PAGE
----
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EAT Confirms Settlement Agreements Cannot Settle Unknown Future Claims

on Friday, 04 November 2022.

In a recent case, the Employment Appeal Tribunal (EAT) considered whether a settlement agreement could be said to have waived an age discrimination claim which arose at a later date.

What Were the Facts of the Case?

In the case of Bathgate v Technip UK Ltd, Mr Bathgate was made redundant by Technip in January 2017. He signed a voluntary redundancy agreement which included a waiver of a number of claims, including age discrimination and a general waiver of future claims. Under the agreement, Mr Bathgate received an enhanced redundancy and notice payment, and was to receive a further sum (the Additional Sum) in June 2017, which was to be calculated by reference to a collective agreement. However, that collective agreement stated the Additional Sum would be paid only to officers who had not reached the age of 61. Mr Bathgate was 61 at the time.

Technip decided it was not under an obligation to pay the Additional Sum to Mr Bathgate and he brought a claim of age discrimination. Technip agreed Mr Bathgate had not been paid the Additional Sum due to his age. It argued that by entering into the settlement agreement, he had compromised his right to pursue an age discrimination claim. The Tribunal agreed, and Mr Bathgate appealed to the EAT, arguing that section 147 of the Equality Act does not allow for claims to be settled before they had arisen. The Scottish EAT allowed the appeal.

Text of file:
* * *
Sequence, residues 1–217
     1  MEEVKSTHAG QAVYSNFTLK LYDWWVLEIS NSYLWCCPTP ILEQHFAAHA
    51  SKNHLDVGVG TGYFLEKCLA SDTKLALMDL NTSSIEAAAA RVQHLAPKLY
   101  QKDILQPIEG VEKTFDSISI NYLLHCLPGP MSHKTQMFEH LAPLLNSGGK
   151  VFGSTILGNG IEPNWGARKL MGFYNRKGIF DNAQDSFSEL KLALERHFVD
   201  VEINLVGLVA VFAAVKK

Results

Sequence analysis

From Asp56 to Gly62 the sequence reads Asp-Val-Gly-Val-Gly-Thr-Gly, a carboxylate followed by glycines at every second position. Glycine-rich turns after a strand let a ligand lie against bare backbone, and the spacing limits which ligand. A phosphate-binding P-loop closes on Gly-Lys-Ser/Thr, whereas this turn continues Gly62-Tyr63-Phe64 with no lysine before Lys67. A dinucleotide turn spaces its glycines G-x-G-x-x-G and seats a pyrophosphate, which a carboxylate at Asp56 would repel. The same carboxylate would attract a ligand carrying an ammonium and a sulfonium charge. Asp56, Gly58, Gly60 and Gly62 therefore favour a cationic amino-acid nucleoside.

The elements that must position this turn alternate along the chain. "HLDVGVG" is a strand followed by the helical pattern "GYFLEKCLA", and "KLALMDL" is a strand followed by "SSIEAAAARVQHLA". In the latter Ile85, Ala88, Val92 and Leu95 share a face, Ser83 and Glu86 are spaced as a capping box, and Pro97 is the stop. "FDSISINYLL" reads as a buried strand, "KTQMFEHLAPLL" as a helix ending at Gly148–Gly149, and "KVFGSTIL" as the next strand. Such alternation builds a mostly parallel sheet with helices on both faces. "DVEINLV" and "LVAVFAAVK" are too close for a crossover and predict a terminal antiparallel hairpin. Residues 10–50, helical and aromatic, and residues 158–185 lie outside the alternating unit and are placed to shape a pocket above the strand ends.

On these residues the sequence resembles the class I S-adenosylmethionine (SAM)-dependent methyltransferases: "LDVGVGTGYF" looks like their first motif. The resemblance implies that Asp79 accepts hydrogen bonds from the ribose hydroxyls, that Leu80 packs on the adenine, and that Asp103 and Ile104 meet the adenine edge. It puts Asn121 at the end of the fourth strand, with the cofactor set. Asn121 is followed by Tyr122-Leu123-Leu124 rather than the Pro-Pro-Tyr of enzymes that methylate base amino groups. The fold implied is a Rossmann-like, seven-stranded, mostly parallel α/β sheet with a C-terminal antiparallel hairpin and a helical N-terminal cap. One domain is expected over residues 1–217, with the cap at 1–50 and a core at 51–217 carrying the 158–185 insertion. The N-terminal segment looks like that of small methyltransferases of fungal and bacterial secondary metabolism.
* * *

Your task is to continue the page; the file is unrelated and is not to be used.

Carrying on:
What Does the Act Say?

Section 147(2) of the Equality Act 2010 that a qualifying settlement agreement is a contract which meets each of the following conditions:

  • It is in writing.
  • It relates to "the particular complaint".
  • The employee has received advice about its terms and effect from a suitable independent advisor.

The EAT considered what is meant by the words "the particular complaint" in these circumstances.

What Did the EAT Decide?

The EAT found that Mr Bathgate had not settled this age discrimination claim through entering into the settlement agreement. Whilst it is possible for an appropriately worded settlement agreement to settle certain future claims, the facts giving rise to those potential future claims must have taken place by the time the agreement is entered into.

Learning Points

Whilst the facts of this case are relatively unusual the decision highlights the care that must be taken to waive potential future claims effectively under a settlement agreement. If circumstances giving rise to a potential future claim have arisen, then with the right wording in the agreement those claims can be waived even if the employee has not yet brought proceedings. However, if the facts giving rise to the potential future claim have not arisen at the time the agreement is entered into, the position is less certain and we may see future litigation on the point.  

Further protections can also be added to protect employers if attempts are made to bring claims after signing a settlement agreement, for example indemnity protection.

It is also worth remembering that this case concerns the extent to which statutory rights can be waived under a settlement agreement. It does not address contractual terms which, with careful drafting can also be incorporated into an agreement in order to protect the employer's position in the event of a future claim.

For more information on the Act, please contact Sian Knight-James in our Employment team on 0117 314 5331, or complete the form.

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